This Week in War. A Friday round-up of what happened and what’s been written in the world of war and military/security affairs this week. It’s a mix of news reports, policy briefs, blog posts and longform journalism.
- Three journalists were killed in the Bab Amro district of Homs, Syria: Marie Colvin of the Sunday Times, French photojournalist Rémi Ochlik, and citizen journalist Rami Al-Sayed. Two other journalists were injured, Sunday Times photographer Paul Conroy and Le Figaro journalist Edith Bouvier, and are now asking for assistance in leaving the country.
- An independent UN panel accused Syria of crimes against humanity in a new report (here in pdf form).
- Mark Lynch released a Center for New American Security policy brief on Syria.
- Protests over Quran burnings in Afghanistan have continued unabated despite official apologies.
- A special ops plane crashed in Djibouti, killing four Air Force Special Operators. Meanwhile, the UN plans to increase AMISOM forces in East Africa by roughly 6000.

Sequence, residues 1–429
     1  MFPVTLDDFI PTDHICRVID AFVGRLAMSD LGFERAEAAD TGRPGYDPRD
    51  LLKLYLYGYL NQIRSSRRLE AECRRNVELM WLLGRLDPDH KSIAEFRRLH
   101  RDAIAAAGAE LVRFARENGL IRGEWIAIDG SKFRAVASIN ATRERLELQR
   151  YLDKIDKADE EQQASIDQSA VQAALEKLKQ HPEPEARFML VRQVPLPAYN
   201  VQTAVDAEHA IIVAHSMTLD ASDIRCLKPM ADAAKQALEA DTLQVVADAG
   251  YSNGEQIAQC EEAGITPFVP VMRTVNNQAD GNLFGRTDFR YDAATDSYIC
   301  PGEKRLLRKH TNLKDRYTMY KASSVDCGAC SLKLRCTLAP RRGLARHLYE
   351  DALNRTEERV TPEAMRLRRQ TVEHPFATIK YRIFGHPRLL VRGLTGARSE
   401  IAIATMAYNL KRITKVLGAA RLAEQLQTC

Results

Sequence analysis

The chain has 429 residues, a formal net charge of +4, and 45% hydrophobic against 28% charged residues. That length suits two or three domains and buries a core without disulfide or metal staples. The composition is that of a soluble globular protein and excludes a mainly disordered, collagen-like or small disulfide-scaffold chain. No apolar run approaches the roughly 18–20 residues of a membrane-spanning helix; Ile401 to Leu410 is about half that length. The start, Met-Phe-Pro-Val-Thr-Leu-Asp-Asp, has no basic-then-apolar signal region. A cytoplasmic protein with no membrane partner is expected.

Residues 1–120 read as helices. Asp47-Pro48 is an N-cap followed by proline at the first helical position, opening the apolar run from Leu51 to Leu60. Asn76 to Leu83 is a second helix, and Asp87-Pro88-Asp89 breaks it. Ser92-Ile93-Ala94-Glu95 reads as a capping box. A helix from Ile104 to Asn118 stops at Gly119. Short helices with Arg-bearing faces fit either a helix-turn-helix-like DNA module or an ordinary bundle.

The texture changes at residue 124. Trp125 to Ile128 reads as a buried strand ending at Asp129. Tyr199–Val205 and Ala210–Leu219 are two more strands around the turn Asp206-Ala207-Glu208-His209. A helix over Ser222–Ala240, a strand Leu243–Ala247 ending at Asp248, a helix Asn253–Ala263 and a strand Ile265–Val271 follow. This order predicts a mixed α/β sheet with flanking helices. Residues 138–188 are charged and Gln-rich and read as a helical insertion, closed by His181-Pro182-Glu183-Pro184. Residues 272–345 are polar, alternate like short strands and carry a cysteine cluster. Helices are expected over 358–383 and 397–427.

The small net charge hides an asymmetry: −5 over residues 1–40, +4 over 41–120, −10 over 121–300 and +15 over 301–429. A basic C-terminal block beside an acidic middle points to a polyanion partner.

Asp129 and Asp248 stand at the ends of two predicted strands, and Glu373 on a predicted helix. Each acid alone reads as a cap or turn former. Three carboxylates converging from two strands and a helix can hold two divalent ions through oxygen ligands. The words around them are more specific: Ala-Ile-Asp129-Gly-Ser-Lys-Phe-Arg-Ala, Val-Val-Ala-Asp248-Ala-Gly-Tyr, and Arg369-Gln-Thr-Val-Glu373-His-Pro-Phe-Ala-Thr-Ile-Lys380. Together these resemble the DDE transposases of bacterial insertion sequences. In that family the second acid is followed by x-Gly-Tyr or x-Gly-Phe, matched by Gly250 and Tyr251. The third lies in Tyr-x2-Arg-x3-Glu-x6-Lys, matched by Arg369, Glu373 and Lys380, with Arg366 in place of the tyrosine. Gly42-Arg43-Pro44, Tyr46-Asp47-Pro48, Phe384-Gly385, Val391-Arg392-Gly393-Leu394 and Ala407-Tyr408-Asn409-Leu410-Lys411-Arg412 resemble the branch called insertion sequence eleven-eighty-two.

- US troops are now stationed in bases in four different countries (Uganda, Congo, South Sudan, and the Central African Republic) as part of the fight against the LRA.
- Human Rights Watch released a report on the effects of Al-Shabaab and conflict in Somalia on children, who are being forced into marriages, used as human shields and trained as soldiers.
- Seven Marines were killed in a helicopter crash during a training exercise near the California-Arizona border.
- Women in the military continued to be a hotly debated topic. Megan MacKenzie at Duck of Minerva took on Liz Trotta’s offensive remarks about female service-members. Paula Broadwell called for more women in leadership roles. And when asked about it, Ron Paul said: “I don’t want even the men to be over there.”
- The GAO released a report (available here as a pdf) revealing that the Pentagon frequently closes whistleblower cases prematurely.
- The Supreme Court is taking up a case of stolen valor (falsely claiming to have earned a military medal or decoration).
- A new study shows an even deeper connection between battlefield TBI and PTSD than previously thought. Evidence shows that a head trauma can alter the brain in a way that makes that soldier more likely to develop post-traumatic stress.
- The DOJ has dropped a foreign bribery case against defense executives caught in an FBI sting operation.
Photo: An ANP officer patrols Kabul on Wednesday during violent clashes and protests over Quran burnings. Credit: Ahmad Masood/Reuters